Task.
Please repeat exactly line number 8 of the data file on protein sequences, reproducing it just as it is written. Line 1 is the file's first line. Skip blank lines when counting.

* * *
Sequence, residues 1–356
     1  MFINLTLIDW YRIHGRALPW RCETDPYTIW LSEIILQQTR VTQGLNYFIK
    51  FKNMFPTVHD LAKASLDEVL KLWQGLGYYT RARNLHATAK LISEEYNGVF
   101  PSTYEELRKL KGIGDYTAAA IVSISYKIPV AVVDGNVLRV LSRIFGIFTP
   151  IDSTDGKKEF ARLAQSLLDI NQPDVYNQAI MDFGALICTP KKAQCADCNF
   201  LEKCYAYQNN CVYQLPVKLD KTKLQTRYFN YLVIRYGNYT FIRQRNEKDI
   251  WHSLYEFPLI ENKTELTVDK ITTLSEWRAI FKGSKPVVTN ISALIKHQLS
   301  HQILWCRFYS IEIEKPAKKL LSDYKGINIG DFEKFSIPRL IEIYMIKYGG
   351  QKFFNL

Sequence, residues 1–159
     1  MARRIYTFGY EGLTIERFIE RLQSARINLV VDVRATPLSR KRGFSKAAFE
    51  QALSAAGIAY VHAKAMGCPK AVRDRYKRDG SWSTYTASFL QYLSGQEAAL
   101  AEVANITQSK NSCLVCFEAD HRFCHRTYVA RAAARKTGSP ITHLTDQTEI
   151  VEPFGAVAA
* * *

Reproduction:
   301  HQILWCRFYS IEIEKPAKKL LSDYKGINIG DFEKFSIPRL IEIYMIKYGG